The 33-story residential building at 44-26 Purves Street has risen past the 20th floor on its way to its 374-foot-high pinnacle. The luxury rental apartment building is being jointly developed by Brause Realty and the Gotham Organization. Completion is expected in late 2017, when its glass-and-copper design will stand as one of the most distinguished in all of Long Island City.
The building occupies an irregularly shaped, 27,092-square-foot site, which negotiates the ground level of Purves Street to the east with 44th Drive to the west, which leads to the elevated, slanted Thomson Avenue viaduct to the south. While 44th Drive and Thomson are wide and heavily-trafficked, the block-long Purves Street has been a quiet, manufacturing cul-de-sac for most of the past hundred years. At the end of the 2000s, the east side of the street saw the construction of some of the first residential mid-rises in the Court Square area. With the recent completion of the 26-story Halo LIC across the street from 44-26, the east side of the block is mostly built out.
Even greater change is underway on the west side of the street. Two 27-story towers at 27-19 and 27-21 44th Drive are rising on the two adjacent lots north of 44-26. The casual observer might easily mistake the three towers rising side-by-side for a single project. To the south, the small triangular site at 44-46 Purves has been cleared for the construction of a seven-story apartment building.
The architect’s building page lists the development at 266,000 square feet, though permits indicate a total construction area of 247,934 square feet. 206,811 of these would be occupied by 270 luxury rental units. The rest of the space would be taken by retail, as well as amenities such as a “communal living room,” an outdoor movie screening area, a private party room, a fitness center, and a sky lounge. A parking garage and bike storage would be included, as well.
The project, which occupies the entirety of the site, sits on a two-story podium. It addresses the busy intersection of Thomson Avenue and 44th Drive with over 2,000 square feet of retail. The podium is topped with a large terrace for the residents’ use, landscaped with seating, greenery, and a small pool.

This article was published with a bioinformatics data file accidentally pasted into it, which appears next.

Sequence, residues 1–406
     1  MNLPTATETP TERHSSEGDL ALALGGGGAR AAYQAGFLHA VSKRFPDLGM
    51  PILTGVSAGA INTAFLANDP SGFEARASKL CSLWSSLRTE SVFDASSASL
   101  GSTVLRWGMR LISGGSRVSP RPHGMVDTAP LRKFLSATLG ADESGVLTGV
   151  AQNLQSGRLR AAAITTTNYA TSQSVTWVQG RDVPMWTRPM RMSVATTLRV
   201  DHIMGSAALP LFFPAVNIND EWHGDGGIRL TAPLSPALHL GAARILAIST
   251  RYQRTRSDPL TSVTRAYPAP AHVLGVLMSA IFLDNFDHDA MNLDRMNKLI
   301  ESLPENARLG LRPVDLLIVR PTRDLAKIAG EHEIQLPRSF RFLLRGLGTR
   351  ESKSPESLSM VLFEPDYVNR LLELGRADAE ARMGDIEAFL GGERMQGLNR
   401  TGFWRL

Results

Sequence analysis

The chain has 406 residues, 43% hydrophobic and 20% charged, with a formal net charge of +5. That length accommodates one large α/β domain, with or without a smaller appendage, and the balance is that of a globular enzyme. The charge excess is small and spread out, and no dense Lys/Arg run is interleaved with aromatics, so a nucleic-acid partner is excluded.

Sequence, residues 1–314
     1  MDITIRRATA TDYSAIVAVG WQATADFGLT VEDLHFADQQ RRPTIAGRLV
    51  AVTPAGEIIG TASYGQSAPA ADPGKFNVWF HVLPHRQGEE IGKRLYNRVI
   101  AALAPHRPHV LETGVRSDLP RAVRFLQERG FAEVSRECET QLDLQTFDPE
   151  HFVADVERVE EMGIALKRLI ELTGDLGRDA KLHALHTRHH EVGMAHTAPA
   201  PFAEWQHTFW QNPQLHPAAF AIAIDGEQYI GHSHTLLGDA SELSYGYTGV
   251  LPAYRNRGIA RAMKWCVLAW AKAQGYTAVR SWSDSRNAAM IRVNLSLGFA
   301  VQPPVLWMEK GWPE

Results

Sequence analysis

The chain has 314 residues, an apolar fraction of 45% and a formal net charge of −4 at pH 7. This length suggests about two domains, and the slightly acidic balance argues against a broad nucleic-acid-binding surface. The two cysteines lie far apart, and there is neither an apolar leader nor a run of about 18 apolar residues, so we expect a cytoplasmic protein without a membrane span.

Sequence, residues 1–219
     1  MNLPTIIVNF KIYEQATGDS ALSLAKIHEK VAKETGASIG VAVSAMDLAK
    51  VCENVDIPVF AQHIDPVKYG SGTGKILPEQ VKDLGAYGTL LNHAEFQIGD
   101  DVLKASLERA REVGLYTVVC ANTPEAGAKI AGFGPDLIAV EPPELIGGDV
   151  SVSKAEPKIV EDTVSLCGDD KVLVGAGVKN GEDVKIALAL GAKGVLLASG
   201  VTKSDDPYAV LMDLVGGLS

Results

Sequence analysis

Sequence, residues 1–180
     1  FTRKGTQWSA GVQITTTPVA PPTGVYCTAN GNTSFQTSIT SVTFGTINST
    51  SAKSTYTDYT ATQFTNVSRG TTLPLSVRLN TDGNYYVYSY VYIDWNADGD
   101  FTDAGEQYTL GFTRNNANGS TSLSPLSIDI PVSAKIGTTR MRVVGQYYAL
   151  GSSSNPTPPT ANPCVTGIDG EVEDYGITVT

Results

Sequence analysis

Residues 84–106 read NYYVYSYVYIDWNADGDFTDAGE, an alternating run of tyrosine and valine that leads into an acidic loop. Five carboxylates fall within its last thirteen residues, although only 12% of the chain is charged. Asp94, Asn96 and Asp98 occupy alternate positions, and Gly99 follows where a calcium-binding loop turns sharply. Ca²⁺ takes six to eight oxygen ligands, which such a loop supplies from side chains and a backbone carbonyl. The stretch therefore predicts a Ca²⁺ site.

The tower sits along the eastern edge of the site. This positioning shifts residential units to the furthest point from the busy thoroughfares, putting them next to the quiet cul-de-sac of Purves Street instead. The tower’s deep setback from 44th Drive provides breathing room to its northern neighbor at 27-21 44th Drive, where its 27-story tower currently races a few stories ahead.
The main tower is massed as three thin, staggered slabs of varying heights. The tallest one – in the middle – conceals mechanical space in the bulkhead. Renderings show a lone wind turbine sitting at the northern end of the flat roof.
Contextualism among Long Island City’s new skyscrapers typically follows one of two directions. The first type is transforming the neighborhood into an “Emerald City” of soaring green glass towers. These buildings appear to pay homage to the long-solitary One Court Square, which remains the neighborhood’s tallest at 658 feet. This category includes the 58-story Tower 28, the 50-story 43-25 Hunter Street, and the 44-story 23-10 Queens Plaza South as the skyline’s new champions, with more contenders of similar and greater height on the way.
Smaller buildings within the 10- to 15-story range tend to fall within the second category, which derives inspiration from the neighborhood’s industrial heritage. Their rusticated brick, concrete, metal finishes and casement windows speak of the factories that dominated the local streetscape for well over a century, emulating loft conversions that rose in popularity during the new millennium. Local projects of this type include the 16-story 41-21 28th Street, 13-story 42-14 Crescent Street, 11-story 11-51 47th Avenue, 10-story Factory House, and nine-story buildings at 25-19 43rd Avenue and 41-07 Crescent Street.
Curiously, the two groups are separated by scale so distinctly that some projects that rise somewhere in between tend to fuse both approaches. The neighboring, 26-story Halo LIC across from 44-26 starts with rusticated brick alternating with bays of glass windows and balconies, and switches to an all-glass façade around halfway up.